Pressure Mound septic system questions

Discussion in 'Plumbing Forum, Professional & DIY Advice' started by daviddido, Jan 16, 2013.

  1. daviddido

    daviddido New Member

    Messages:
    11
    Location:
    burton, MI
    I will start by apologizing for the basic nature of my questions.
    I have purchased property in a rural area and it is clay and limestone so a pressure mound system is needed. I have priced most of the parts, septic tank, dosing tank, dosing pump, alarm, sand, pcv lines and/or infiltrator field and all of this with 90 tons of sand for the mound at 4 feet deep is only about $4000-5500. I have been advised by 3 different septic companies in the area that this type of system will run $12,000- 16,000. I understand that en engineer should get a premium for his/ her knowledge to design the system but 10,000-12,000 seems like a lot of premium. I only am building a 1 bedroom/ 1 bath cabin. Is there any way I could do any labor myself, as everything I have found is that either a large boom loader must install each load of sand or shovels from the side as NO ONE is to walk on the mound area at all during installation of the sand and drain lines. How many man hours should I expect to need/ pay to have this work performed. I feel i am being taken, and the companies in the area are price fixing.
  2. jimbo

    jimbo Plumber

    Messages:
    8,997
    Location:
    San Diego
    First, your local building officials will REQUIRE that the system be signed off by a licensed civil engineer. $12K sounds on the low side. You vastly underestimate the cost of labor and equipment. I can's see how this could possibly be a DIY project.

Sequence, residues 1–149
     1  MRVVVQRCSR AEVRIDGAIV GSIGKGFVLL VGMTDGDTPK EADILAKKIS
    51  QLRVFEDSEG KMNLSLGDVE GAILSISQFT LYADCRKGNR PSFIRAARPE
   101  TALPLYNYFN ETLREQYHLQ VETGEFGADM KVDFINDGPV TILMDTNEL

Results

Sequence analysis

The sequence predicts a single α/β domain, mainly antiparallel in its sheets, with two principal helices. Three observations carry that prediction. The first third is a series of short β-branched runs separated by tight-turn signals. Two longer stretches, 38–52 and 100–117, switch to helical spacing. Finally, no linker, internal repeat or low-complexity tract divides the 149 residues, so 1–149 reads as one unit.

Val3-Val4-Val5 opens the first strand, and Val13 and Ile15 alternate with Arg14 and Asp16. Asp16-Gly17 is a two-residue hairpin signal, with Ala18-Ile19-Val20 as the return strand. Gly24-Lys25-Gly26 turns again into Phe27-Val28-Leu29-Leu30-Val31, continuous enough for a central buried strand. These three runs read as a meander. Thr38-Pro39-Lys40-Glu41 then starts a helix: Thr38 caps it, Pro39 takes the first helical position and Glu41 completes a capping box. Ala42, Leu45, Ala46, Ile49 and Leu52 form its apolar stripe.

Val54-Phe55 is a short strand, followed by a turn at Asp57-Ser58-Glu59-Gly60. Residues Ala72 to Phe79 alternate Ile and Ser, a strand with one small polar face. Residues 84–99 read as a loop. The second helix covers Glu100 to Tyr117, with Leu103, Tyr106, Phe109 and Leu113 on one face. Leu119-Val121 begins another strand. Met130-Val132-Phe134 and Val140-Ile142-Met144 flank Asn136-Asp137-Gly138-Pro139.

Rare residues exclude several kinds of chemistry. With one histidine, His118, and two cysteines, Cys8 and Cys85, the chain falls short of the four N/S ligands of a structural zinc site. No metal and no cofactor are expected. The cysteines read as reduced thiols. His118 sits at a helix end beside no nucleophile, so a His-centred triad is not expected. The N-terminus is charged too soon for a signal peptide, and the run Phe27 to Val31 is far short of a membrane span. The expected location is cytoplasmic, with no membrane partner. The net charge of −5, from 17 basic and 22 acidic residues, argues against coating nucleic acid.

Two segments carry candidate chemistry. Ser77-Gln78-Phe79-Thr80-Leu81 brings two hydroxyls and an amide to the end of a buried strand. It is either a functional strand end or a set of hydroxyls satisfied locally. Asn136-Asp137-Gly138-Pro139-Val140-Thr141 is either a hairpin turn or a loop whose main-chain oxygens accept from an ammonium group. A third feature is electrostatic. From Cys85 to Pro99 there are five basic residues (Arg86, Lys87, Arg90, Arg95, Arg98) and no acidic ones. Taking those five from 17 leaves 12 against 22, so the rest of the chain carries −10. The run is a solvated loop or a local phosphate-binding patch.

3. daviddido

    daviddido New Member

    Messages:
    11
    Location:
    burton, MI
    Yes I agree I have no issues for paying for the professional opinion of a licensed engineer, but I am in MI and I can purchase a good used front loader for 12K and then do it mostly myself for only 1 project. I am trying to get input on the cost of labor. Even at 100-200 p/ hour it does not take 3-4 months of 8 hours per day to complete a project like this especially if part of the hourly rate includes the equipment use then it should go that much faster (that's why they are the professionals). If they have laborers using hand shovels they are not getting 100's p/hour. I understand the costs of equipment rental/ usage.
  4. daviddido

    daviddido New Member

    Messages:
    11
    Location:
    burton, MI
    I am not saying septic installers or plumbers are not worth what they get, I just want someone to explain to me what I am getting for labor costs of $9000+.
  5. LLigetfa

    LLigetfa DIYer, not in the trades

    Messages:
    4,195
    Location:
    NW Ontario, Canada
    I think your calculator needs new batteries. $200 per hour X 8 hours a day is $8000 for one week. Doesn't add up 3-4 months even on our metric system.

    Did you try to get the bidders to give you a cost breakdown?
  6. jimbo

    jimbo Plumber

    Messages:
    8,997
    Location:
    San Diego
    An hourly rate of $200 for two men would NOT include the equipment cost. And that ditch digger isn't getting $100 an hour, but his boss will charge YOU that. Have you priced payroll taxes, workers comp, etc. lately!!!!!
  7. daviddido

    daviddido New Member

    Messages:
    11
    Location:
    burton, MI
    yes, I did, They gave me estimates. 1000 gal tank= 750, dosing tank= 750, sand 90 tons= 1600 delivered, dosing pump, alarm, and wiring= 750, pvc piping and geofabric= 250 total= 4100, and a total of about 15,000. which makes labor about 11k???
  8. jimbo

    jimbo Plumber

    Messages:
    8,997
    Location:
    San Diego
    I would say your labor estimate is low, but maybe in your neck of the woods you could get it done for 11K
  9. daviddido

    daviddido New Member

    Messages:
    11
    Location:
    burton, MI